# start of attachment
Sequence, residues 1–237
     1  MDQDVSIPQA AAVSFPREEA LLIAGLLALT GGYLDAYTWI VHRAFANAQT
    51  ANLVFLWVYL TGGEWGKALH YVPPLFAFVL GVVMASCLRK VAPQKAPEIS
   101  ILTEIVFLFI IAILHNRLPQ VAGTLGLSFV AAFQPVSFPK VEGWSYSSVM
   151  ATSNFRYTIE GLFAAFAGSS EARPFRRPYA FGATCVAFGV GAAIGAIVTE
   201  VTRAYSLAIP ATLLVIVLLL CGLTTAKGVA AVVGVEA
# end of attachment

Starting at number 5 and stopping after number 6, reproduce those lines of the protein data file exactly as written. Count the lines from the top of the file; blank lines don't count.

   151  ATSNFRYTIE GLFAAFAGSS EARPFRRPYA FGATCVAFGV GAAIGAIVTE
   201  VTRAYSLAIP ATLLVIVLLL CGLTTAKGVA AVVGVEA